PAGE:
Post by John Palmer on Feb 28, 2014 19:09:53 GMT -8
I have a nice 1950's era Morphy-Richards Astral propane refrigerator.
My question, is it safe to tow down the highway with it "ON" lit? It's a PITA to light it, because of how and where it's mounted so I would like to leave it turned on except for periods of long storage. How much propane do they burn, for example how long would a tank keep it running? I'm aware of the importance of leveling it for proper operation, but how well do they work with movement going down the road?
Seems odd that they can set "un-used" for many years, you build a fire under it, and it "GETS COLD"!
When we transitioned from a tent to "indoor" camping, the first unit I had was a pickup camper. This was in the 60's. I was so darn glad to have a refrigerator that I left it lit all of the time (when traveling and camping). Since those days, I have had other campers, trailers and motor homes. In all cases I have always left them on when traveling. Is it safe? I don't really know the right answer to that. I have studied the information out there and you can find data that will support both sides of the question. Like I said, I have been traveling with them on for years and have never been concerned or had a problem. I don't however leave them on when I am not using them. Not because of the amount of fuel they burn but these things don't have an infinite life and they are expensive to replace. As to the amount of fuel they use, that depends on the efficiency of your specific unit but suffice to say that the fuel consumption in any of them is very low. I would suspect that a 5 gallon tank of propane running only the refrigerator would probably last at least a couple of months maybe longer. John, you know about the need to be level when these things are on, however, when traveling up and down hills, and parked for short times it is not as critical. This is because you are actually "shaking" the liquid/gas to keep it moving and it don't have time to settle. It is when you are stationary for overnight or long periods that problems "can" occur.
Post by John Palmer on Feb 28, 2014 21:48:24 GMT -8
Thanks 61 Shasta, That's exactly what I needed to hear. You answered all of my questions.
I'm excited to get my 1958 Mallard "back on the road". I've owned it for about a year and a half. It rotted in a storage lot for about five years before I purchased it. I have about six months of "full time" labor invested rebuilding it. It looks like a new trailer "inside and out".
We will be camping in it, at The March Meet nostalgia drag races in Bakersfield, CA next weekend. It will be the maiden voyage for this trailer. It's always fun to bring another one back from the dead. If anyone is at The March Meet this year please stop by and say high. We are pitted in row #3 with all of the aircooled VW drag cars.
Vikx was dead on about shutting off when refueling tow vehicle while hitched due to "Blow Up" danger. I have traveled many miles with them on also but when I had a 3 way I would travel in the 12 volt position due to another blow up danger. DOT recommends LP gas tanks (and other types of tanked gas bottles) be in the off position in case of accidents due to possible roll over, tank release, broken hose, and sparks in an accident situation. (preventing explosions)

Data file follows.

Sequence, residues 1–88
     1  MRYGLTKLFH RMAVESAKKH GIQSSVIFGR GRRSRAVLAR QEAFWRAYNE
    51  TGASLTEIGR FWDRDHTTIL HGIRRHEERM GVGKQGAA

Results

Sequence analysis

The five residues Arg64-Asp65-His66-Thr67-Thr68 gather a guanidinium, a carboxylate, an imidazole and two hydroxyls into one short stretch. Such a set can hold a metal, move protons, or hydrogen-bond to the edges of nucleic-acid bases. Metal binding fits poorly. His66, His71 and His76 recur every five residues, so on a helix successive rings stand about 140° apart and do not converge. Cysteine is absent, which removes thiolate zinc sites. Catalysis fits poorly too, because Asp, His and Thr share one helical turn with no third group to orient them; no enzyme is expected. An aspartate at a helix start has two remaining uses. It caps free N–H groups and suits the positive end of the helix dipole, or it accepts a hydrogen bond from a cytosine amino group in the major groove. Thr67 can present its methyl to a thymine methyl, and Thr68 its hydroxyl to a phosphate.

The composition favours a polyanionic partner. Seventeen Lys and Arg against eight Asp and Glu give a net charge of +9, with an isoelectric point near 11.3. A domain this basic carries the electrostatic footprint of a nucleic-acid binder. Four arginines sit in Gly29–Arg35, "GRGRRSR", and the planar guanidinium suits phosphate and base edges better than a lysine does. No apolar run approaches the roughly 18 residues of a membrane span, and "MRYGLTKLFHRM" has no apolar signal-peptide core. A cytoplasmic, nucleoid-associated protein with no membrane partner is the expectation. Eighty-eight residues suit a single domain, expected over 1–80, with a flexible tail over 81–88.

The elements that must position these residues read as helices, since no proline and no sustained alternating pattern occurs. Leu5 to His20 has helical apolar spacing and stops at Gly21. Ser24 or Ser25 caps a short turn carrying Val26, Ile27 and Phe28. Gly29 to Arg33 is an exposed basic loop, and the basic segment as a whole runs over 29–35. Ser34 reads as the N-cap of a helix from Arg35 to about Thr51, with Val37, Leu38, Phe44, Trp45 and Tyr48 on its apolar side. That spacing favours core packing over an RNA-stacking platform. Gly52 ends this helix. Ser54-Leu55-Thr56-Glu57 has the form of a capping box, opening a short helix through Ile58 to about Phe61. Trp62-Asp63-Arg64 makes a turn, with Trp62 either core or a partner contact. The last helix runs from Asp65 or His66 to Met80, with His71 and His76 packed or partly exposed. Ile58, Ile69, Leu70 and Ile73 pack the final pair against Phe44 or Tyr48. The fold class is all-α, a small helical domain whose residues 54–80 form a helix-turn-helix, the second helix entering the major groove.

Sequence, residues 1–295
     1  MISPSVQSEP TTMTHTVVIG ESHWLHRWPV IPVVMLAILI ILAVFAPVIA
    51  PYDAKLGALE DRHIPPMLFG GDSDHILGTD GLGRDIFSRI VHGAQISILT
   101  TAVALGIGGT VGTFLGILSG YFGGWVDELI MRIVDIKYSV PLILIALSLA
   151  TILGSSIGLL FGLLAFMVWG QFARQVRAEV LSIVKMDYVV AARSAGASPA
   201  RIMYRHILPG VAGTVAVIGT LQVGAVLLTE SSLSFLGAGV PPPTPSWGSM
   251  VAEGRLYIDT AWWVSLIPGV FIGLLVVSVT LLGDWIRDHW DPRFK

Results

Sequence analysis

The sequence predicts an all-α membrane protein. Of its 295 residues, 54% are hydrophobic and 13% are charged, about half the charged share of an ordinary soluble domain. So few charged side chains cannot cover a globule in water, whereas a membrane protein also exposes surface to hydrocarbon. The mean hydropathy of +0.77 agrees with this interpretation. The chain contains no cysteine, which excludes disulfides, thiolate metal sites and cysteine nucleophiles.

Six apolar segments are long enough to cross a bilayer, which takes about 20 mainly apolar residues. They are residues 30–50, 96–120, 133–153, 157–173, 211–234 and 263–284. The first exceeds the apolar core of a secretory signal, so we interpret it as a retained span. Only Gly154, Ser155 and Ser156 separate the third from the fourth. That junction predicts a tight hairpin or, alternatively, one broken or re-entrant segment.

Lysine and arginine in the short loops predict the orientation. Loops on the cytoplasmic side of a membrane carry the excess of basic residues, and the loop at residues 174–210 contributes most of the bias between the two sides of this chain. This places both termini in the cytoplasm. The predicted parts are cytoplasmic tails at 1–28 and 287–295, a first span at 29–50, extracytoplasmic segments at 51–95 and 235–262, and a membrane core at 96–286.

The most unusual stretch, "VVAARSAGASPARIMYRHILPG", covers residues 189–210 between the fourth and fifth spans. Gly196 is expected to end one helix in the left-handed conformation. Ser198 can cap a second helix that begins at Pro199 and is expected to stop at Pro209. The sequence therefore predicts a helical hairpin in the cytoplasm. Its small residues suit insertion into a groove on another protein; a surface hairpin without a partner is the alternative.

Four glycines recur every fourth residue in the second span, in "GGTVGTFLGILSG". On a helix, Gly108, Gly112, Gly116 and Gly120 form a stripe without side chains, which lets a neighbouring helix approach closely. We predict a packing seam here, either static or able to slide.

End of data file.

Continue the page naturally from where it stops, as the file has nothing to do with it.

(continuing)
Good point Bill, I have had mine go out also. However, It should be checked occasionally to be sure it is still working. Also, we have utilized the Western Washington ferry system. When preparing to load the ferries, they require all propane to be turned off and tagged out. I am sure there are other entities that have this requirement. In our motor home, they require the propane to be shut off and everyone including pets have to exit it before filling the propane tanks as they are on-board tanks. We also shut off all flame generating appliances before filling the fuel tank.
We always travel with the gas off. I knew someone who blew up with his trailer. Never found out exactly what happened, but we are always extra careful just in case.
If the flame were to "blow out" while your traveling, the most that would happen is the refrigerator propane safety valve would "cool down", and then "turn off" the small flow of propane. The flow of propane is "very small", even when it is "on, and lit". We are talking about a flame the size of a single candle.
Your "blown up trailer example" would need some other source of ignition to ignite, even if the trailer was full off propane gas fumes.
Requiring the propane tank to be turned off, and the lit burner turned off, makes perfect sense during a fueling stop due to gasoline vapors. It also makes sense for maximum safety when the vehicle is on a water ferry with other people.
I recently worked on a trailer involved in a highway crash. It was "jack knifed", bent the frame tongue, and totaled the tow vehicle. During this serious accident, both the battery and propane bottle were ripped off of the tongue and tossed across the highway. The propane hose stayed attached to the trailer, and the propane regulator and the propane tank's valve were still attached to the trailer hose. The bottle with the broken valve rolled across the highway, and still "no fire".
John is right propane and compressed natural gas tanks that are broken open very seldom result in a fire because the gas rises into the atmosphere instantly (almost). An accident that opens a small hole in a line is much more dangerous because the tank keeps feeding gas to the small hole creating a blow torch. That is why it is much safer to tow with the valves closed on your propane tanks.